Subtitled “How Six Novels taught me love, friendship, and the things that really matter,” A Jane Austen Education is partly the story of how William Deresiewicz, now a well-regarded Austen scholar, evolved from being dismissive, to being a true fan.
There are chapters devoted to Emma, Pride and Prejudice, Sense and Sensibility, Mansfield Park, Northanger Abbey, and Persuasion. It’s a close textual study of the best kind, not overly academic and pedantic. He explains why Austen has endured. Not because of the quaint period film adaptations, but because form and style drive Austen’s message.
Long passages in Emma are devoted to trivial matters and gossip. Austen skewers the mundane conversation of characters like Miss Bates, and the cruelty of Emma. She forces readers to confront in themselves easy and cavalier meanness.
Entwined in the literary criticism, is memoir. Deresiewicz movingly relates how the novels changed his life for the better. Austen’s message of compassion and kindness improved his relationships.
This all sounds like it would be a tough and boring slog, but it’s actually very accessible – especially for English lit (and Austen) geeks. If you didn’t know what the big deal was before, this is an enlightening read. If you were already a devotee, you’ll enjoy it even more.
Ellie Laks started The Gentle Barn after adopting a sick goat from a run-down petting zoo in 1999. Some two hundred animals later (including chickens, horses, pigs, cows, rabbits, emus, and more), The Gentle Barn has become an extraordinary nonprofit that brings together a volunteer staff of community members and at-risk teens to rehabilitate abandoned and/or abused animals. As Ellie teaches the volunteers to care for the animals, they learn a new language of healing that works wonders on the humans as well. My Gentle Barn weaves together the story of how the Barn came to be what it is today with Ellie’s own journey.
Filled with heartwarming animal stories and inspiring recoveries, My Gentle Barn is a feel-good account that will delight animal lovers and memoir readers alike. (description from publisher)
Remember the movie, Pay It Forward (2000) with Kevin Spacey and Helen Hunt? The one in which the teacher (Spacey) encourages his students to make the world a better place? By the way, in case you don’t know — as I didn’t — the movie is actually based on a book with the same title by Catherine Ryan Hyde. Anyway, in the book or the movie, one of his students actually comes up with a plausible plan: to pay it forward. In other words, if someone does you a kind deed, rather than paying it back, you pay it forward, to three new people.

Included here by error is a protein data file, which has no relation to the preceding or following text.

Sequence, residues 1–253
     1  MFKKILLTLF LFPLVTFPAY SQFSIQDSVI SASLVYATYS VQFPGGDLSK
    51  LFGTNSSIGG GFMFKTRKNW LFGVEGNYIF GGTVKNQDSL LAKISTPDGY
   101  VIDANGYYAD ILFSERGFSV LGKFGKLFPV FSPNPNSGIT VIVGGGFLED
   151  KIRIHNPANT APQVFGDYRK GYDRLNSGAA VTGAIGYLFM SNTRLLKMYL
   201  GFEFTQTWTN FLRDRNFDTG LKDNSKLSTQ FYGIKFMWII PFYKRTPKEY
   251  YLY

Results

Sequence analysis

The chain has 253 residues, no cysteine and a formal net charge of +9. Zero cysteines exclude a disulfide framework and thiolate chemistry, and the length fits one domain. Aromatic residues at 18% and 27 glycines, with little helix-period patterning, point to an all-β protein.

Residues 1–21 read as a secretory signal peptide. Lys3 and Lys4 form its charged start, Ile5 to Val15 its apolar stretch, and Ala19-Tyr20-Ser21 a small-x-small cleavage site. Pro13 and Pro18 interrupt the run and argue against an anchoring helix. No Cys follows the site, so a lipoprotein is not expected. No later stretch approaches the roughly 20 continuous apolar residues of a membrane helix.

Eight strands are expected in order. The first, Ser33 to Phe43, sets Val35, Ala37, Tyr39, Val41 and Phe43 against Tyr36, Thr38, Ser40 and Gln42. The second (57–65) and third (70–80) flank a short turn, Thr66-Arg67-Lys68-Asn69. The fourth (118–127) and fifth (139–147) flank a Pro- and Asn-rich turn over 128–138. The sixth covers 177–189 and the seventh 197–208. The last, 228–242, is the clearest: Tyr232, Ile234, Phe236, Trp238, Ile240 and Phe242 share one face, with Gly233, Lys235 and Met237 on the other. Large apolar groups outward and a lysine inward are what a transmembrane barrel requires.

Well, recently, my husband and I were recipients of a kind deed. We were out shopping for replacement steps to our hot tub; after 16 years, its wooden stairs had finally disintegrated. We looked at building them ourselves (cost: $50 plus, not to mention time and effort). Another store sold cedar steps for $100 — a bit pricey. At our final stop, the salesperson was showing us floor samples in hard plastic. Another customer spoke up and said, “I have three of those at home; if you want one, just follow me home and you can have one.” At first, we weren’t certain he was serious and we didn’t want to appear cheap. But even the sales guy offered, “Well, you can’t beat a deal like that!” So, we followed him home, got the steps and offered to pay him. His reply: “Just do something nice for someone else.” Translation: pay it forward.
So, I’m still looking for ways to do just that. Though I’m not quite ready to donate a kidney, I am hoping some random act of kindness will make itself blatantly obvious. In the meantime, if you know of a need — please let me know. I need to forward some payments.